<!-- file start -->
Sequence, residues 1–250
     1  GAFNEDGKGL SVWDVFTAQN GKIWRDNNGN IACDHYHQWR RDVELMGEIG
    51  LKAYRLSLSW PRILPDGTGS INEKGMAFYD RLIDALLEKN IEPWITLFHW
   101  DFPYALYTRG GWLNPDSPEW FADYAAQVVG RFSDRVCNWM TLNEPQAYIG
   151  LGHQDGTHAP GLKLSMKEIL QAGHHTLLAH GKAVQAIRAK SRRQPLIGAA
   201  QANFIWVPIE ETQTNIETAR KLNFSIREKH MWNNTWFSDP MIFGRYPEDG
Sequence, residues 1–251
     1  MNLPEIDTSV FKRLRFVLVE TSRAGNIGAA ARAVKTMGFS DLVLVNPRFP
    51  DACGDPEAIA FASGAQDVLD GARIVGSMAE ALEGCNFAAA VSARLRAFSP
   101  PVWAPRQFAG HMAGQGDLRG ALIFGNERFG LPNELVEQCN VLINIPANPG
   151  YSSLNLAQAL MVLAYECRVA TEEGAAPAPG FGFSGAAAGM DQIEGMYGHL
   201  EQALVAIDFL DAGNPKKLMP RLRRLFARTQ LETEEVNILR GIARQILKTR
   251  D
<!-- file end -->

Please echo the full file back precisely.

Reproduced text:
Sequence, residues 1–250
     1  GAFNEDGKGL SVWDVFTAQN GKIWRDNNGN IACDHYHQWR RDVELMGEIG
    51  LKAYRLSLSW PRILPDGTGS INEKGMAFYD RLIDALLEKN IEPWITLFHW
   101  DFPYALYTRG GWLNPDSPEW FADYAAQVVG RFSDRVCNWM TLNEPQAYIG
   151  LGHQDGTHAP GLKLSMKEIL QAGHHTLLAH GKAVQAIRAK SRRQPLIGAA
   201  QANFIWVPIE ETQTNIETAR KLNFSIREKH MWNNTWFSDP MIFGRYPEDG
Sequence, residues 1–251
     1  MNLPEIDTSV FKRLRFVLVE TSRAGNIGAA ARAVKTMGFS DLVLVNPRFP
    51  DACGDPEAIA FASGAQDVLD GARIVGSMAE ALEGCNFAAA VSARLRAFSP
   101  PVWAPRQFAG HMAGQGDLRG ALIFGNERFG LPNELVEQCN VLINIPANPG
   151  YSSLNLAQAL MVLAYECRVA TEEGAAPAPG FGFSGAAAGM DQIEGMYGHL
   201  EQALVAIDFL DAGNPKKLMP RLRRLFARTQ LETEEVNILR GIARQILKTR
   251  D